Another factor we tried to look for was how much groups work together, shared resources and identified with the importance of each others work. Take a project like Liberation School, which in Chicago is one of the important ways women get involved in the Union. It is often the first contact from which women can join other CWLU groups. In Boston and Berkeley, the liberation schools are independent and did not seem to plan their classes in relation to other women's groups in the city. The liberation schools in L.A. and New Haven (only has an introductory and an advanced course) were projects of the women's centers there, like in Chicago.

Decision making was another organizational issue we asked about, usually when it was a case of a center or a group functioning as the base of activity for other groups and service projects. The New Haven Center had a steering committee like ours. Even though ten groups were members of the N.Y, Center responsibility fell on the few individuals committed to the survival of the Center. Washington was in the process of creating its Center, which would be run by a steering committee of member groups. Chicago was one of their models. In Philadelphia, Baltimore, and L.A. the volunteer staff made decisions.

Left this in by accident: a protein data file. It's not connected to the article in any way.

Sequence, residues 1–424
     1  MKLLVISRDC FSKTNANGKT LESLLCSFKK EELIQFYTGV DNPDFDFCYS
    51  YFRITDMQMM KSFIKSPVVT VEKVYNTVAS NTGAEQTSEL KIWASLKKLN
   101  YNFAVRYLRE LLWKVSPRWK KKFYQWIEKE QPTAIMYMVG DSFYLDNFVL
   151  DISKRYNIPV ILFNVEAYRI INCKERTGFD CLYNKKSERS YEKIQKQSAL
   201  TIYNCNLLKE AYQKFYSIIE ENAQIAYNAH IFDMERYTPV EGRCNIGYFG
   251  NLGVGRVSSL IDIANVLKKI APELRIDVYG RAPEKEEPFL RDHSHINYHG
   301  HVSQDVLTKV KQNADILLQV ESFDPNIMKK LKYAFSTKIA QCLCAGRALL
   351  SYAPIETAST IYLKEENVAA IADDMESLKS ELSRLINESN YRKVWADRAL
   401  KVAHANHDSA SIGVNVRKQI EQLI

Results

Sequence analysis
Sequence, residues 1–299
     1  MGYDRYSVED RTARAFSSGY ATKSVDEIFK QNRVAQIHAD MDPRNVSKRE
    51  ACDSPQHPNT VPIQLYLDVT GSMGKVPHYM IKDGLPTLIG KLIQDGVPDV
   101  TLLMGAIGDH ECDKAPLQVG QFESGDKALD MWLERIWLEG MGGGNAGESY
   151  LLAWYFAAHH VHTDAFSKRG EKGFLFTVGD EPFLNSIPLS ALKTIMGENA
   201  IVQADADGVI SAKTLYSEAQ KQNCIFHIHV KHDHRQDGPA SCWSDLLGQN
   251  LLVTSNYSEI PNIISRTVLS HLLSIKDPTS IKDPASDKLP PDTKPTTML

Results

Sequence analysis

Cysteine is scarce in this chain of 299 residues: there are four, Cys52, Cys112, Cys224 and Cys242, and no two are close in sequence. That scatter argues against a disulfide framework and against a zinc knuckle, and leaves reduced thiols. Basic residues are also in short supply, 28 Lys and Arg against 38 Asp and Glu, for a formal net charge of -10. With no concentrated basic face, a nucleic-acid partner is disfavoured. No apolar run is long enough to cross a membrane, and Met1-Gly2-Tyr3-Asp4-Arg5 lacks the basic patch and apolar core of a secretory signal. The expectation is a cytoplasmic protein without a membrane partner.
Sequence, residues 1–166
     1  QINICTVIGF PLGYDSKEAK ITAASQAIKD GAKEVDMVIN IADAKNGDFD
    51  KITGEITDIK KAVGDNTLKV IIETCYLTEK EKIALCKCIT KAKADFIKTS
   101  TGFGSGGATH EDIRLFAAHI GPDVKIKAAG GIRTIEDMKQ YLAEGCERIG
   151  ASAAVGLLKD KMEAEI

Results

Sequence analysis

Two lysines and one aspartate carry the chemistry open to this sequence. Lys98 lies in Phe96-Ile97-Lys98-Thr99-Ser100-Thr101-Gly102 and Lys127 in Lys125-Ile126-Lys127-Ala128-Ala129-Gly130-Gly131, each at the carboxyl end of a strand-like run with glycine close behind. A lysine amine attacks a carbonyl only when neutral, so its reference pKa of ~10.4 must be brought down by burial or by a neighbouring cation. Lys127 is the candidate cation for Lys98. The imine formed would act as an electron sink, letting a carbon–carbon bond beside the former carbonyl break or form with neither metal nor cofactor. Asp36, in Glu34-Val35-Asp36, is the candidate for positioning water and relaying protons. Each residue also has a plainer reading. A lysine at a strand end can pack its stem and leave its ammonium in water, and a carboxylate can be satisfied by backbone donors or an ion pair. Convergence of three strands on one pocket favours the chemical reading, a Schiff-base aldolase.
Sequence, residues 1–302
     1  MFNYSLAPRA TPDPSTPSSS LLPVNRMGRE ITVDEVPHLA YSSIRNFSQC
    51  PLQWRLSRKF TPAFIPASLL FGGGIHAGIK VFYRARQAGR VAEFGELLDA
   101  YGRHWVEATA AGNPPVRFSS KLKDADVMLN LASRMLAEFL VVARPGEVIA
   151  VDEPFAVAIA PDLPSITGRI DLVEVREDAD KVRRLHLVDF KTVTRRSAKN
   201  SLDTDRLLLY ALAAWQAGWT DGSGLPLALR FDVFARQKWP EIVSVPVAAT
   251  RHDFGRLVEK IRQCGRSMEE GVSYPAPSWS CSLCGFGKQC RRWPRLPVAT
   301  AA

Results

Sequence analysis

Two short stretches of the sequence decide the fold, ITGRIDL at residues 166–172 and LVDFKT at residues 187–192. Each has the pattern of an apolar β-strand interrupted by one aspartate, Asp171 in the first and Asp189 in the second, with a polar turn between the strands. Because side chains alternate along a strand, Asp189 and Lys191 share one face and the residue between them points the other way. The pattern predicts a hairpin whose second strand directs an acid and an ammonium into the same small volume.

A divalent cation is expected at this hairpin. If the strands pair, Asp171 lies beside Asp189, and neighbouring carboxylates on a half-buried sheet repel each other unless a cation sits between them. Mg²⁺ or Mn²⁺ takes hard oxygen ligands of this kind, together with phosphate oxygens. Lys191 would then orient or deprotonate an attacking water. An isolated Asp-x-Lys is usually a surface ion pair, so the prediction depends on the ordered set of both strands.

Integrating new women is an organizational problem that the Union has never figured out, and it is facing us again at this conference. In Baltimore, where the women's center is very small and not much is going on, the center sponsored a women's assembly earlier this year which a lot of people worked hard on. It was great. A lot of women attended, but it didn’t lead anywhere. The Center women didn't know how to involve the women they had attracted to the assembly in an ongoing way. The bigger problem was a lack of things for these women to do.

Money is the last thing I want to talk about under organization. It's not accidental that the two most together women's centers were in the best financial position. Seattle has money because the Center is funded by the YWCA. Washington Center women are probably getting the grant which they had applied for while we were there. They were also seriously pursuing the possibility of a benefit concert by a female singer like Baez or Collins. One drawback with the grant money is that runs out, which happened to Women In Transition, in Philadelphia, a counseling center for women separating from their husbands. It was the most active project in Philadelphia last year and paid most of the rent for the Centers house, as well as paying four full time and some part time staff.